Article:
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Brain, behavior and genetics

| August 29, 2014

Nicolas Wade’s controversial book documenting the genetics of race is most often attacked because of the connections he tries to make between genetic differences and behavioral differences between the races. He has been publicly called out by scientists for this very point.

But there are a few cases where genetic changes clearly influence human behavior. Michael White documents a few for Pacific Standard magazine. Tourette syndrome, for instance, is caused when one enzyme, histidine decarboxylase, fails to do its job of cleaving a chemical group from the neurotransmitter. People with Tourette syndrome have issues controlling inappropriate behavior like cursing.

Anther example is the language-crucial FoxP2 gene. Interestingly, all mammals have this gene. But only humans and Neanderthals have or had two mutations which are crucial to developing language. Even chimps and other apes don’t share it. One British family was found to have FoxP2 mutations by doctors who they came to for help with language impairment:

This small mutation caused an amino acid swap, replacing an arginine with a histidine in a part of the protein called helix 3. This swap alters the function of FoxP2, hampering its ability to bind DNA and control a gene that helps form contact points between neurons in the brain. The ability to use and understand language is severely damaged by this single amino acid switch.

There are more, White lists, that likely work in concert with other genes to control disorders like autism, anorexia and obsessive compulsive disorder. These are likely not the only cause of the disease, as in the case of histidine decarboxylase and Tourette syndrome or FoxP2 and language development, but they are at lease one mechanism by which a condition can be acquired.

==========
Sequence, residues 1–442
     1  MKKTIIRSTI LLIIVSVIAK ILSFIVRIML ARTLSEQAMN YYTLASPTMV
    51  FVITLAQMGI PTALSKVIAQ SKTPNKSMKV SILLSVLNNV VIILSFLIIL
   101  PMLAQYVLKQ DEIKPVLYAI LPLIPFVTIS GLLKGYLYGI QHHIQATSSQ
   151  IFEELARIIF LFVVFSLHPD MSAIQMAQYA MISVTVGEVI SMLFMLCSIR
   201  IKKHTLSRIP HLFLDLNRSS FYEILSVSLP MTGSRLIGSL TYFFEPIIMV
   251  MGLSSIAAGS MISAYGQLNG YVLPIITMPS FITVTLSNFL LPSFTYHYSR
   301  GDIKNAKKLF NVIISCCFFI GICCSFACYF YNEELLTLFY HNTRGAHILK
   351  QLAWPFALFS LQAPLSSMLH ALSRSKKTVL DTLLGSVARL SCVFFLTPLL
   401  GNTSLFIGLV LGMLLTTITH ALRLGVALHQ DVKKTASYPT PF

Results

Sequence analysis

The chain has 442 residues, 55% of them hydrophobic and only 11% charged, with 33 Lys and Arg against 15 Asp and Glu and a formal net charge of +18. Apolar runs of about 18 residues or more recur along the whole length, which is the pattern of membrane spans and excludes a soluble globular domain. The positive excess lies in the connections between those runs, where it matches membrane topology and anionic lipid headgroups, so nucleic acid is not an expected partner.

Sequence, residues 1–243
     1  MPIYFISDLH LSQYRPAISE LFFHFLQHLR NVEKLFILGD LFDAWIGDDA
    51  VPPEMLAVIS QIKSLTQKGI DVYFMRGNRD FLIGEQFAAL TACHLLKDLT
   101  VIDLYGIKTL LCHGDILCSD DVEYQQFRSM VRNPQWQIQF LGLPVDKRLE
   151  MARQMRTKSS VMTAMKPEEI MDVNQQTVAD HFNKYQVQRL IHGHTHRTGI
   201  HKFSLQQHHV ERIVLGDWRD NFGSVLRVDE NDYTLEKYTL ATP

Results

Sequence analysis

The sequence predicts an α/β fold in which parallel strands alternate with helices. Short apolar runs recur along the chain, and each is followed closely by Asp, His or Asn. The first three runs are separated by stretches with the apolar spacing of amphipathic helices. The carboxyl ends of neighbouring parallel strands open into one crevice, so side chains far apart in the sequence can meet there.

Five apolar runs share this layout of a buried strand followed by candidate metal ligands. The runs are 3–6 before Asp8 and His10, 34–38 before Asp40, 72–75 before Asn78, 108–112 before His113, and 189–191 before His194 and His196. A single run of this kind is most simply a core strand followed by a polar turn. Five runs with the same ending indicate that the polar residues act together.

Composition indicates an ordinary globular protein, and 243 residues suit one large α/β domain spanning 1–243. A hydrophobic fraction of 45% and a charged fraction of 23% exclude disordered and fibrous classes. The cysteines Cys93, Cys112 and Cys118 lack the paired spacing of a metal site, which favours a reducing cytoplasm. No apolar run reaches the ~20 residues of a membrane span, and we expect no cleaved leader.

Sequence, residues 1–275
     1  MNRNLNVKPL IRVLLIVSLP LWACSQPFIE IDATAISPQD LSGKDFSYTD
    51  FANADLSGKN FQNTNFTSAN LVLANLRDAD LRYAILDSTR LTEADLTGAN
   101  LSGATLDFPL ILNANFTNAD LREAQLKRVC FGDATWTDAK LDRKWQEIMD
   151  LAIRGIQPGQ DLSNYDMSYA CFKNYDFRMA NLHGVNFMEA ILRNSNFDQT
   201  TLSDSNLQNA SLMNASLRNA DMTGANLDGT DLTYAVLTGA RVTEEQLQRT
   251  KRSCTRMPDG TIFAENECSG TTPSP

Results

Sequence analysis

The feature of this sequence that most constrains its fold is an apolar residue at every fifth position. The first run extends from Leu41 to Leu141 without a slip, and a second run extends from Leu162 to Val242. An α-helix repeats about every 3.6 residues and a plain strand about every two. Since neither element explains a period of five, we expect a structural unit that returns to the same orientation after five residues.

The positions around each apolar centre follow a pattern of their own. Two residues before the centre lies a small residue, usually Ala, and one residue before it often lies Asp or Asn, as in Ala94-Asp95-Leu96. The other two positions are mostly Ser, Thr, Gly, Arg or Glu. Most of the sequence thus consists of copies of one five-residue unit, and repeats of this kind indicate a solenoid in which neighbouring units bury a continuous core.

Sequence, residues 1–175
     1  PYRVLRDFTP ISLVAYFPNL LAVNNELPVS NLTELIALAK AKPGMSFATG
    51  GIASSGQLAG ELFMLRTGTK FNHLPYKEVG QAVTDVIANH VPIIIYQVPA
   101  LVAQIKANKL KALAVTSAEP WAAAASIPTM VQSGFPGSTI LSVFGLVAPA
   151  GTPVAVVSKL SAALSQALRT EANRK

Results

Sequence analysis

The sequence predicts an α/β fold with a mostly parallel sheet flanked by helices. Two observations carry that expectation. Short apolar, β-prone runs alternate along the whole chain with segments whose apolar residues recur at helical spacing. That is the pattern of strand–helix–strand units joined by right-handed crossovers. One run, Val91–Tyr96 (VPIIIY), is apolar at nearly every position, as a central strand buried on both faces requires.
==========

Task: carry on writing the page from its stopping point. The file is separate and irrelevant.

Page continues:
And, we know from recent reports just how incredibly complicated those biological systems controlling neurological conditions can be. Take schizophrenia, long the subject of genetic analysis, which is just now uncovering some genetic targets of the disease.

Regardless of where the science now lies, we know that biology controls behavior. Our actions and thoughts aren’t magic, they rely on the biochemistry of neurotransmitters and nerve signals. They have physical substrates that are controlled by our genes, says White:

Will we ever be able to reason from the behavior of proteins and cells to the behavior of human beings? This can be a dangerous question because it is hard to study and easy to speculate. But it’s a crucial one because we won’t fully understand our most human traits—personality, behavior, language—without making sense of the molecules behind them.

Meredith Knight is a blogger for Genetic Literacy Project and a freelance science and health writer in Austin, Texas. Follow her @meremereknight.

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The GLP featured this article to reflect the diversity of news, opinion and analysis. The viewpoint is the author’s own. The GLP’s goal is to stimulate constructive discourse on challenging science issues.

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